Malcolm Kay was living at People’s Park in September (pictured left), and now that he has an apartment he goes back to the park (right) because "there’s still a lot of people that need help.”
Malcolm Kay was living at People’s Park in September (pictured left), and now that he has an apartment he goes back to the park (right) because "there’s still a lot of people that need help.”

A People’s Park success story

Malcolm Kay was unhoused for six weeks and says the resources at the park have helped him get back on his feet.

In late August, Malcolm Kay first experienced homelessness in Halifax. He spent nearly six weeks without a permanent address. First, he was sleeping in a tent at People’s Park, then was promised—and ousted from—a room at the Comfort Inn, spent a few nights at the Gray Arena and went back to the park.

Finally, as of early October, thanks to a number of factors including both hard work and luck, he has an apartment of his own.

“I got connection through P.AD.S. and Turning Point, Shelter Nova Scotia found a one-bedroom for me,” Kay tells The Coast on a Friday evening while taking his pet ferrets, Trickster and Zoe, for a walk. “And we got the money together and I just moved in maybe two weeks ago.”

The apartment is in north end Dartmouth and costs about $900 a month. Kay says the first thing he did after moving in was “take a shower, a clean shower.”

“It’s nice enough to have a stove again to be able to cook,” Kay says. “Feel safe enough to walk away and leave my animals at home, not have to worry about anything happening to them.”

While it may not be the height of luxury, Kay is ecstatic to have a roof over his head and have a shot at regaining partial custody of his 10-month old daughter. “I’m going to be closer to getting my kid back, so that’s nice,” he says, smiling.

It’s in stark contrast to Kay’s demeanour last month, the day after he was unceremoniously evicted from the Comfort Inn in Dartmouth along with other tenants.

“I was excited, and then all of the sudden by accident we find out that we’re out tomorrow,” he told The Coast on a sunny September afternoon at People’s Park (AKA Meagher Park, in Halifax at the corner of Chebucto Road and Dublin Street). “How can they give somebody so much hope and then just take it away like that?”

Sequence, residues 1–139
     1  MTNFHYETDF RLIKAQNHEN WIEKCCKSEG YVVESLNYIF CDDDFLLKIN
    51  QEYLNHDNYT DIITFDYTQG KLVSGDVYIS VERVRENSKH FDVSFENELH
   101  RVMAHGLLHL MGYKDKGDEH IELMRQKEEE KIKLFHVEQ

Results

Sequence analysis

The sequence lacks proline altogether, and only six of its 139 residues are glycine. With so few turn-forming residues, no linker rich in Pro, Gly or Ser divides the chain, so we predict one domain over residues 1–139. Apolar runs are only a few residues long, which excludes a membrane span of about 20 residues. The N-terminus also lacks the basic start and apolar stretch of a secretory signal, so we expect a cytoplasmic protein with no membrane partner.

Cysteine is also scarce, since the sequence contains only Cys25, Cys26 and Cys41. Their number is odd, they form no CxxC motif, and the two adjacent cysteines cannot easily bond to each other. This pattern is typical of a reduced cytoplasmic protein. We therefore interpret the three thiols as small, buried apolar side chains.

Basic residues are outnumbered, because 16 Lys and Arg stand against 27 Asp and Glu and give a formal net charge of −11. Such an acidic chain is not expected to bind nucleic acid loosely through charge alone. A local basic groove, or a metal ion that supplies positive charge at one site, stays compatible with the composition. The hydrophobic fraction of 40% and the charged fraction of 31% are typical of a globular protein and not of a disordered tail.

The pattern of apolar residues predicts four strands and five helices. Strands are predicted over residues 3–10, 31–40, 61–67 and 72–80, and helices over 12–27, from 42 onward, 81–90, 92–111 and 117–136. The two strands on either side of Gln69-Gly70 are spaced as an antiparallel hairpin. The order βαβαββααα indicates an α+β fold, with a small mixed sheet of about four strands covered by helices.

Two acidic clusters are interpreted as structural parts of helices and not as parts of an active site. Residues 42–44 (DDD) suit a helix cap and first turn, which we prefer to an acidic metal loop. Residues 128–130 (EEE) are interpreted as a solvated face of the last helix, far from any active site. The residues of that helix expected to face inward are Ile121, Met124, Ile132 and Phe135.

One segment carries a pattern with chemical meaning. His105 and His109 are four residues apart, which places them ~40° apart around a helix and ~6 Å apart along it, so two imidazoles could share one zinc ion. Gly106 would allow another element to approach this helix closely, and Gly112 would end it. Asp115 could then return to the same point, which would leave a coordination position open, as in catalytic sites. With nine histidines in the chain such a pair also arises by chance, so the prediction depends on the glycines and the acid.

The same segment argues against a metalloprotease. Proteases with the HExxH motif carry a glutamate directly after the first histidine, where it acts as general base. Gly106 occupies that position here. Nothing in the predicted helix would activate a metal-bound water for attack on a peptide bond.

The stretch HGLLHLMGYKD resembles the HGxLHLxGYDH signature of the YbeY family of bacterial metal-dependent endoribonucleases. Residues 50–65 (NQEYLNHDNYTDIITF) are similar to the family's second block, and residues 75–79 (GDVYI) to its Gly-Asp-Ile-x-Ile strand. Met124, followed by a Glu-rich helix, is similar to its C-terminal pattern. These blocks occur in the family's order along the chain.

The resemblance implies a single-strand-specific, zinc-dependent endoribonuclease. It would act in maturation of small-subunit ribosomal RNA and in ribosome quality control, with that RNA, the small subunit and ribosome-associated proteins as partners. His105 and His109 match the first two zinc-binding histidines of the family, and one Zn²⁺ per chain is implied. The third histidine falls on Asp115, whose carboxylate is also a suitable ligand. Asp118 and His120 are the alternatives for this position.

Kay told The Coast he felt “broken” and that the city had gotten his hopes up. “I was all hopeful I was going to go to Legal Aid and try to get custody of my child,” he explained. “I thought things were looking up.”

At the People’s Park just hours after leaving the hotel, Kay told The Coast he was grateful to P.A.D.S. and the other service providers who were working to resolve the situation.

“These people are amazing,” he said. “They’ll take care of me, I know they will. That’s why I came here, ‘cause I need the support.”

Now that he’s in a better situation himself, Kay is still spending time at the People’s Park, but as a friend and volunteer. “There’s still a lot of work to go, and there’s still a lot of people that need help too, that’s why I’m still showing up,” he says, with a fresh haircut and cleanly trimmed beard. “I’m part of P.A.D.S. now.”

Kay credits Shelter Nova Scotia with helping find the apartment itself, but says he’s not out of the woods yet because rent will eat up nearly all his income. He’s trying to get on a subsidized housing program that will put about $300 directly towards his rent every month.

“I got nothing,” he says. “But it takes time. I’m still just scraping by.”

Now that he’s been through the situation, Kay is looking back and realizing just how easy it was to fall into—and how hard it was to get out of. “It’s easy to end up on the street, it’s hard to get back on your feet,” he says. “With supports like that, you’ve just got to work together and be patient."

About The Author

Victoria Walton

Once a freelancer, Victoria has been a full-time reporter with The Coast since April 2020, covering everything from COVID-19 to small business to politics and social justice. Originally from the Annapolis Valley, she graduated from the University of King’s College School of Journalism in 2017.

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